Article by Cara Waters /
January 23, 2016 /
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Advertising agency M&C Saatchi has sparked outrage after including a striptease performance at a party last night to celebrate its 21 years in Australia.
The party for over 600 staff members and clients was held at Beresford Hotel in Sydney’s Surry Hills and featured a performance by singer Deni Hines and speeches by founder Tom Dery followed by chief executive Jaimes Leggett.
Mumbrella reports Leggett finished his speech saying: “It wouldn’t be a 21st, however, without a cake. Ladies and gentlemen, happy birthday.”
M&C Saatchi’s birthday cake burst open and a woman emerged from it and began to perform a striptease.
Mumbrella criticised the entertainment in an editorial headlined “It’s 2016. Let’s stop being an industry where girls jump out of birthday cakes”.
“It’s time for the industry to let go of the last vestiges of the Mad Men era,” the editorial said. “Those days are gone, and mostly for the better.”
M&C Saatchi also copped criticism on social media, including from prominent British equality campaigner and advertising heavyweight Cindy Gallop who tweeted “WHATWHATWHATWHAT? #changetheratio #diversity”.
M&C Saatchi defended its decision to include striptease as part of the party entertainment in a statement to MySmallBusiness saying the party included a “diverse repertoire of acts” which included “satirical performance artistes” The Bag Ladies and Miss Burlesque Australia 2012, Briana Bluebell.
“It was a celebration of 21 years of creativity and incredible work, amazing clients and great people,” a spokesperson for the advertising agency said. “Creativity is our stock in trade and at M&C Saatchi, creativity comes in many forms.”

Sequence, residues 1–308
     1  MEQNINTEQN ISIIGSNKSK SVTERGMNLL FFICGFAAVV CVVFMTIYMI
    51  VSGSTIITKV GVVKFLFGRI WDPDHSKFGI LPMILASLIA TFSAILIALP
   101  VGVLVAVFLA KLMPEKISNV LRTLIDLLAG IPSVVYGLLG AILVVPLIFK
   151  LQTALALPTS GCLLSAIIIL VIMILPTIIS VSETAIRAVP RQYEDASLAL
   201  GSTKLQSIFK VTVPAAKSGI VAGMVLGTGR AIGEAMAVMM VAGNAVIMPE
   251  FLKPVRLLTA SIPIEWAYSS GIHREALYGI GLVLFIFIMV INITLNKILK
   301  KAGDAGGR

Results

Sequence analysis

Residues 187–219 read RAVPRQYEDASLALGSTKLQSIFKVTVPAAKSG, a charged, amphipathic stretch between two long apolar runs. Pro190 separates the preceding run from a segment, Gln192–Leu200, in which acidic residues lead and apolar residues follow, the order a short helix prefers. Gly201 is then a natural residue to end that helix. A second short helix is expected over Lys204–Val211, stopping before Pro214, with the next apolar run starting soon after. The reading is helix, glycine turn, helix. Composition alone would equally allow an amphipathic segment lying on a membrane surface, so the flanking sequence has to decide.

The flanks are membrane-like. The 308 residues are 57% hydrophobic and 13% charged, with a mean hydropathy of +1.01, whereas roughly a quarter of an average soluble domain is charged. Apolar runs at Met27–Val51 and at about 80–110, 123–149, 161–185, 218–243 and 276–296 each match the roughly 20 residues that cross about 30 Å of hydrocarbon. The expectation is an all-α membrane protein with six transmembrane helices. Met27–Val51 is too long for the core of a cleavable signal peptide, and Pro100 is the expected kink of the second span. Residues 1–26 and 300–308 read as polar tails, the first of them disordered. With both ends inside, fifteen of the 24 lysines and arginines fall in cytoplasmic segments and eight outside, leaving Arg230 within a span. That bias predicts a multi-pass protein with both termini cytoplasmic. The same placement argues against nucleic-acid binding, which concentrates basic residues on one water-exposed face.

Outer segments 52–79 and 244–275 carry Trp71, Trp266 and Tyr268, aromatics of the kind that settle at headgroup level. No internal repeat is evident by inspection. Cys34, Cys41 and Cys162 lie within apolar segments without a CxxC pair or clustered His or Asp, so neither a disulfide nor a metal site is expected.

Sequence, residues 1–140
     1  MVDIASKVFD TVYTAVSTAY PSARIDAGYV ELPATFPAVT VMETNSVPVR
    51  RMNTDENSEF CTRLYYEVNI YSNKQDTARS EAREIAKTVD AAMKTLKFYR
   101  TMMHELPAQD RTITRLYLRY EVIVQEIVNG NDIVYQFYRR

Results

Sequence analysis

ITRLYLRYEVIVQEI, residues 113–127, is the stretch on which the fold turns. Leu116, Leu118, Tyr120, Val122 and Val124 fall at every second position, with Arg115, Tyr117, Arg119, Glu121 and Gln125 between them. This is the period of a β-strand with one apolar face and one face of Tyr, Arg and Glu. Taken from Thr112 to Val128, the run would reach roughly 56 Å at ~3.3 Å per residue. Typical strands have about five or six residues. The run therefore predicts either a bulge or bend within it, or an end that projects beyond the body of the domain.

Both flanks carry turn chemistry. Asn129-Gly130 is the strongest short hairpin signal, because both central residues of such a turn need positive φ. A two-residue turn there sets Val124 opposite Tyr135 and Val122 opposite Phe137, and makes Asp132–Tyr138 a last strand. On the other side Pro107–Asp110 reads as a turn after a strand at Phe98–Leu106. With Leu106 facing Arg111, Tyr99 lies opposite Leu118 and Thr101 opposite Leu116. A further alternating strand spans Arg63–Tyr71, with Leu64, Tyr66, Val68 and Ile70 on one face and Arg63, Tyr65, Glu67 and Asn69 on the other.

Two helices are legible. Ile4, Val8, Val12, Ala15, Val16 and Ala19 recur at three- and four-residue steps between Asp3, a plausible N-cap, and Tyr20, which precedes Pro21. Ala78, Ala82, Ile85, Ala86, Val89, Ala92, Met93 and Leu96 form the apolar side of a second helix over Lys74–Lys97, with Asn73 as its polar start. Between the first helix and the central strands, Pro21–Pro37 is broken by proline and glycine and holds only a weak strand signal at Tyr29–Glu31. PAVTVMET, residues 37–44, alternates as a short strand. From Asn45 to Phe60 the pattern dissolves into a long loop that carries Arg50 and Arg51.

The spokesperson said all the acts included in the party entertainment have appeared at popular music and arts festivals throughout Australia “and should be celebrated for the amazing and talented performers they are”.
The outcry over M&C Saatchi’s party follows recent discussions over sexism in the advertising industry after ad agency Leo Burnett publicised its all white and all male new hires.
Dr Lauren Rosewarne, senior lecturer in the school of Social and Political Sciences at the University of Melbourne, says advertising has a “very long history” of being a blokey environment.
“If Mad Men taught us anything it’s that this is not a good idea,” she says.
Rosewarne says the advertising industry repeatedly portrays women’s roles as being limited to cooking, cleaning and raising children.
“When you look at their output, one of the places sexism is most easily detected is in advertising,” she says. “We keep saying now that women are moving up through the ranks of industry things should change but this party is a good example that things aren’t.”
Rosewarne says M&C Saatchi’s decision to include strip teases in its celebration is particularly worrying because it is a major advertising agency and seen as a trend setter.
“Even if people are happy with this behaviour they should be conscious about the optics of how it looks to the outside world and how it makes female employees feel in their business,” she says.